Surface site near the Lead-Deadwood High School.
Install sheet: lhs.pdf
|Wilan IP (at station)||172.24.40.31|
|Wilan IP (at station)||172.24.40.33|
|05/19/2015||Tanner, Daniel, Gary, and Pat installed the full station. There is a connectivity problem between the radios. A little bit of data seems to get in here and there, but not much of it is getting to the computer.||Tanner|
|05/22/2015||We installed new radios but the problem is not resolved. We want to put the radio at the site down by the data acquisition system and on a pole so it points directly at the radio in the computer lab, but that will have to wait until the next trip.||Tanner|
|Sept. 2015||Better radios installed at some point on the September trip by Gary et al.||Tanner|
|12/03/2015||We have been seeing some issues with timing - the error sometimes creeps up to 20 us or more. May just be that the GPS antenna doesn't have a clear view of the sky.||Tanner|
Gary's notes from the station removal (2016/09/26): “To make a long story short we discovered somewhat accidentally that the metal we used for the concrete form there [at LHS site] was apparently steel, not aluminum. Most roof flashing sold today is aluminum as it lasts longer and the expense compared to steel is tiny. I don't remember considering this, anyway, when we bought that stuff - an example of what assumptions does to you. We realized this when the orientation we measured with the orientation rod on the STS2 an what we measured on the pad differed by more than 20 degrees. By siting on the same line from the top of the vault the orientation we measured was reasonably consistent with the orientation we measured with the pin. Hence, for the remainder of the demob we used the siting from above method. This decreased precision a lot, but improved accuracy since measurements on the pad were clearly biased.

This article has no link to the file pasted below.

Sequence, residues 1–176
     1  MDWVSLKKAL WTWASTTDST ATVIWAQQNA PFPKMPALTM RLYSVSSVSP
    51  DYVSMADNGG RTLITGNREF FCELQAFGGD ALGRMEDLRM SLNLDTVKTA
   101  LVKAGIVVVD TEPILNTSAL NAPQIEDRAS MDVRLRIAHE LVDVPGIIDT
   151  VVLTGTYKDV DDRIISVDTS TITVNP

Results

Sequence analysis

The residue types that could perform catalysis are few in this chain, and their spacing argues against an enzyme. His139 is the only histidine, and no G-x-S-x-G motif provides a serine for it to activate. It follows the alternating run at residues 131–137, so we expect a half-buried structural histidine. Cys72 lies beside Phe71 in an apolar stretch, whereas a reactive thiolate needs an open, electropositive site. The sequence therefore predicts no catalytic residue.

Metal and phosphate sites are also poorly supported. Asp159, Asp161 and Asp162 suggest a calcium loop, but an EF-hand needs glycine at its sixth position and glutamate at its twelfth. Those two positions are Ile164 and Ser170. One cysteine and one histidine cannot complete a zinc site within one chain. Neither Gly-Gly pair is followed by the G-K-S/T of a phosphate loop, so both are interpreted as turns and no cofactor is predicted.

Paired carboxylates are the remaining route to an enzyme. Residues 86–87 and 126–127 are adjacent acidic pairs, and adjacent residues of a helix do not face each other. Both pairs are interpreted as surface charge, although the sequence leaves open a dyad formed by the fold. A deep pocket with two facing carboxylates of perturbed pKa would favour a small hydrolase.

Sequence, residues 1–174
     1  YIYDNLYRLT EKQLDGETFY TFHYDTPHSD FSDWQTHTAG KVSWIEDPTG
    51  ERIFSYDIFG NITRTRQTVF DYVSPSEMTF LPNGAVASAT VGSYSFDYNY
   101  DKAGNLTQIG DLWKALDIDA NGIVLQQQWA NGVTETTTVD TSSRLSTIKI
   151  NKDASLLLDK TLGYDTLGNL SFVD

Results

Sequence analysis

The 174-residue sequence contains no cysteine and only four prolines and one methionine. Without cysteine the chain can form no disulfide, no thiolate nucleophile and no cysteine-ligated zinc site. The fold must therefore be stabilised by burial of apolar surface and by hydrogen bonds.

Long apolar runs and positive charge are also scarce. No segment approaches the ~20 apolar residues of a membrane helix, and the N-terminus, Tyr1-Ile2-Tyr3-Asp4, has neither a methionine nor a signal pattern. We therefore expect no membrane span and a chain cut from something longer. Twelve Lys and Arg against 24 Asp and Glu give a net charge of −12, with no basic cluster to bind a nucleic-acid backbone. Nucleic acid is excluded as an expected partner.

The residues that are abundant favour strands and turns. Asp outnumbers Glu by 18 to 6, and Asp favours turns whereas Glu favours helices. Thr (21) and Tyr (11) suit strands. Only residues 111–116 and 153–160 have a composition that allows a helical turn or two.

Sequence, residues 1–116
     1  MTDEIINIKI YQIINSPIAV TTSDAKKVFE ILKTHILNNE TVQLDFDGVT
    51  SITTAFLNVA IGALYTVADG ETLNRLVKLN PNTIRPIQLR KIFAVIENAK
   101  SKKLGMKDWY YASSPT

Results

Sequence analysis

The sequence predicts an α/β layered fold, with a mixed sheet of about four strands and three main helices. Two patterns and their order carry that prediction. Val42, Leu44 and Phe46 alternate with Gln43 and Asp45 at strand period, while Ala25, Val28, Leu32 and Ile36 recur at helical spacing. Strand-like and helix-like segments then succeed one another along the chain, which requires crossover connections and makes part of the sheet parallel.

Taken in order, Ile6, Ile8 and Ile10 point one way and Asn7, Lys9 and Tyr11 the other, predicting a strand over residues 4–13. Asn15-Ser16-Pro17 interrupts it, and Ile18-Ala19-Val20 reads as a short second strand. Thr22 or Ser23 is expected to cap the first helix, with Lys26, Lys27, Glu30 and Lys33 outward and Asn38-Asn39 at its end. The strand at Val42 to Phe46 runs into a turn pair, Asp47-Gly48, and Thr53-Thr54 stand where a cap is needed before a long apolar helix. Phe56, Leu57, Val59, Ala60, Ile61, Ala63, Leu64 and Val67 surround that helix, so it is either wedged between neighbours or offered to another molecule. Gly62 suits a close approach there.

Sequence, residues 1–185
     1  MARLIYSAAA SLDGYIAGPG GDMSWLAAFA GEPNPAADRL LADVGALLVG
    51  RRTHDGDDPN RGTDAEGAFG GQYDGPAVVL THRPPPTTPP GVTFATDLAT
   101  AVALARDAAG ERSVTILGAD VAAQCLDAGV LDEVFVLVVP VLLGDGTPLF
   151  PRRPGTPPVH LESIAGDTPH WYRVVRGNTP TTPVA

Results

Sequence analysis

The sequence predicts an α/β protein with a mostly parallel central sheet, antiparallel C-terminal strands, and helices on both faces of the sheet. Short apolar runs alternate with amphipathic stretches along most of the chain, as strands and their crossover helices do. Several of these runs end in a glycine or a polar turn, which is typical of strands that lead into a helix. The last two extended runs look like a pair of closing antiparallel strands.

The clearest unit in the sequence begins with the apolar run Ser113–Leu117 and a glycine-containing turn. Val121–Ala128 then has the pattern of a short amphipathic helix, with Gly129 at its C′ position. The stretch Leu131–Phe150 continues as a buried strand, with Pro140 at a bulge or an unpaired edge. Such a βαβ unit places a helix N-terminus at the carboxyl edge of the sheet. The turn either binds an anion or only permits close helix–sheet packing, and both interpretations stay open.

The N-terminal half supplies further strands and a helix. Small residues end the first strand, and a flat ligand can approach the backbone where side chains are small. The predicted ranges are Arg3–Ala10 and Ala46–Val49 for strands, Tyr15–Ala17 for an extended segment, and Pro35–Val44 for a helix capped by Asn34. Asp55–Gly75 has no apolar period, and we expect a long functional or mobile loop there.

3. Something I wish I knew how to document with the data is that the accuracy of LHS orientation is questionable. Daniel noticed the orientation measurements wer a bit unstable as moving around a small amount seemed to change the answer. I think there is a pretty good physical explanation - recall that site is adjacent to a high retaining wall with a large steel fence at the top. The wall itself almost certainly contains a lot of steel rebar. The fence is a bit far away, but a large magnetic object. In any case, the orientation of that site is subject to a potential bias of several degrees. There is no way to ever recover this but we need all remember LHS may have an orientation bias. ”